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Old 09-12-2009, 11:51 AM   #1
PostPirate
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Default That "Shallow DOF"-Question again ...

First Post. Hi there everybody.

I'm an Indy-Filmmaker and VFX-Guerilla and until now I shot all my stuff on the Canon HV30 with a handy35 dof-adapter and the nice fast Nikon-Glasses I used on my old SLR-Cam ...

I did a few Music Videos on the RED One and got sucked into this RED-ness right away. Until now i just didn't have the money to buy a RED-Camera. But with the Scarlet Fixed Lens System Kit for around 4000 bucks it's suddenly in my Range of budget.

I guess the scarlet's performance and picture-quality will kill my HV30 without a sweat. And all the Problems i had with keying and grading the crappy-compressed HV30 footage will be gone (innit?)

I was just wondering if the Fixed Scarlet could hold up against the cool shallow DOF i get with my DOF-adapter and my nikon glasses ...

any speculations ?
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Old 09-12-2009, 12:22 PM   #2
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Hey Postpirate.

Think I recognise the name from over at fxphd?

The Scarlet will definitely be much much much easier to key and grade than your hv30 material. Which only samples colour half as much as luminance.

Your DoF adapater will have an similar DoF to the s35.
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Old 09-12-2009, 12:55 PM   #3
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... he he ... yeah ... i thought i've seen this avatar somewhere as i browsed the threads in here ... he he, of course: fxphd reprezent! ... thanx for the info, Gravy ... but i'll probably not have enough cash to get an S35-Brain ...
I'll go for the Fixed Scarlet Kit ... and i guess that the 2/3" chip and the fixed lens on the Scarlet will have some other DOF-Behaviour than my DOF-Adapter, innit? Will a Scarlet with a fixed lens produce decent shallow DOF ?
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Old 09-12-2009, 01:35 PM   #4
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The fixed will produce 'decent' shallow dof, yes. If you saw public enemies, benjamin button, or zodiac, thats it. In a nutshell, its the amount of dof that 35mm would typically stop down (and loose light) to get manageability at. But there is a whole range of extreme shallow shots that won't be so easy to get.

To get a really good feeling for it, take a dslr with f5.6 zoom and take pictures at many focal lengths. When fully zoomed in, you can get the appearance of very shallow dof that encompasses a standing human body. But the image will look flatter.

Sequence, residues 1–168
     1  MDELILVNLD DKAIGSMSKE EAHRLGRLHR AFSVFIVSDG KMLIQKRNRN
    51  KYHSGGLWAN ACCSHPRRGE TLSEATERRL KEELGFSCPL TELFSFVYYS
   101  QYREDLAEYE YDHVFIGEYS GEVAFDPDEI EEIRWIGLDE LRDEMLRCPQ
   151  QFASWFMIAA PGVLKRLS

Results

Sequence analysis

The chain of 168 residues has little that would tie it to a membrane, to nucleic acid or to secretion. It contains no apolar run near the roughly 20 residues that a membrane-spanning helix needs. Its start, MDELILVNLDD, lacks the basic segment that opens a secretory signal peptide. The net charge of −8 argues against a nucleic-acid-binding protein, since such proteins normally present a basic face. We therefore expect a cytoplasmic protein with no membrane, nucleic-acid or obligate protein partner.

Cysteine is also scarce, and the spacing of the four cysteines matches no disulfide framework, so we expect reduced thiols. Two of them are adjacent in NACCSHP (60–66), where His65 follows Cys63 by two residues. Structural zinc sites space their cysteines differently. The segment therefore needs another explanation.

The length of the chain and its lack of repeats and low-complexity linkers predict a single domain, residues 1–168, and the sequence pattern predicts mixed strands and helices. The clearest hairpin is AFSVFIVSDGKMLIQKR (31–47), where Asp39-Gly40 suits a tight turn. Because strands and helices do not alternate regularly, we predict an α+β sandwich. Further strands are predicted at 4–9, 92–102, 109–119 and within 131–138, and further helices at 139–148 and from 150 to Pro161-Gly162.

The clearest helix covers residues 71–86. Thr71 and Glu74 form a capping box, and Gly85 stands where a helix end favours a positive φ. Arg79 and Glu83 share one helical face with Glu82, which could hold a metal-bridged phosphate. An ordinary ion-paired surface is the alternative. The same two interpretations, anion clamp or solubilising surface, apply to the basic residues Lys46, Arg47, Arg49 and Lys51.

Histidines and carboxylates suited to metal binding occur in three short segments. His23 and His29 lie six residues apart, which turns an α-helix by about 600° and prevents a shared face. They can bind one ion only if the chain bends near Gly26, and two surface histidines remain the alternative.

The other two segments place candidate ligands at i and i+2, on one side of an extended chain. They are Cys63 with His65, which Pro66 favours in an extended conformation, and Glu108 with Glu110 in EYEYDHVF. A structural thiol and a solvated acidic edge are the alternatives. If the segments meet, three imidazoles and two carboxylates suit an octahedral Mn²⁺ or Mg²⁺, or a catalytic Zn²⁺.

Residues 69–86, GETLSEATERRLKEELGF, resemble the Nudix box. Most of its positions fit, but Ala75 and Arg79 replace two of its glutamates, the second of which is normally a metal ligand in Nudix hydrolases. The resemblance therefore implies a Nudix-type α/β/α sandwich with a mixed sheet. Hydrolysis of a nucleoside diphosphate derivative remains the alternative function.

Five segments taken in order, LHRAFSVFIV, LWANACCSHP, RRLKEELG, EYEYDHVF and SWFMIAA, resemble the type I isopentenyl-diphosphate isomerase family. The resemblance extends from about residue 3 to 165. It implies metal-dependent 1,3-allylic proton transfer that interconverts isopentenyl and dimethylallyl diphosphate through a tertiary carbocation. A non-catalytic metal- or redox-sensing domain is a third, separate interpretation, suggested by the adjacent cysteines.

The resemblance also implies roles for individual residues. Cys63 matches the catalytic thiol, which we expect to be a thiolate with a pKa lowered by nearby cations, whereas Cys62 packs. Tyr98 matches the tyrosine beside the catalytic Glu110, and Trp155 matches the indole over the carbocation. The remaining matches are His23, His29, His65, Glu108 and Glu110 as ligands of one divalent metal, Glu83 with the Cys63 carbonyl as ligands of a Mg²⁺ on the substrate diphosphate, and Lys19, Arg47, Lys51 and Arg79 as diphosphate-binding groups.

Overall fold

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Old 09-12-2009, 02:16 PM   #5
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http://www.panavision.co.nz/main/kba...alcFOVform.asp

Here is an DoF Calculator choose 2/3" from the drop down and you'll get near enough the right results.

Also I recommend picking up the ASC Manual it has DoF charts for the most common focal lengths.

To answer your question simply though:
Yes, you can get shallow DoF with the 2/3".
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Old 09-13-2009, 07:46 AM   #6
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thanx a heep! ... made the dslr trick sage recommended and noodled around with the calculator ... looks like its enough shallow DOF for my taste ... think I'm not the only one screamin': Yo RED, bring that Scarlet on, can't wait to get my handz on it ... he he he ... Feels like back in the days, countin' those days until Xmas ...
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Old 09-13-2009, 10:58 AM   #7
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DOF calculators can be misleading. They tell you how deep the in-focus area is, but they don't give you a feel for how blurred the out of focus areas are. Is the background only slightly out of focus, or is it mush?

On one recent shot, we used a DOF calculator and stopped down slightly to make 100% sure that all of the actors in focus. This was with a 28mm lens on a FF35 camera. The result? Infinity was pretty much in 100% focus too. We would have been better off with our gut-feel setting.

To get an idea of the DOF for 2/3 Scarlet, look at most any live broadcast content (at least in the US). This includes network news, sporting events, concerts and so on. Daytime stuff will have a small aperture. A night-time event will show shallower DOF. If it's a football game, keep track of wide vs. telephoto shots. Few narrative works use anything close to a long sports telephoto.

The bottom line is that you can get shallow DOF, but you have to design your shots for it. Anything wide, stopped down, or with the subject near the background will have deep focus. A long, macro shot wide open will have very shallow focus - even with a 2/3" sensor.

If you really want shallow DOF, 2/3" shouldn't be your first choice, but if you're creative, you can often create that look anyway, just not with as wide a range of shots.
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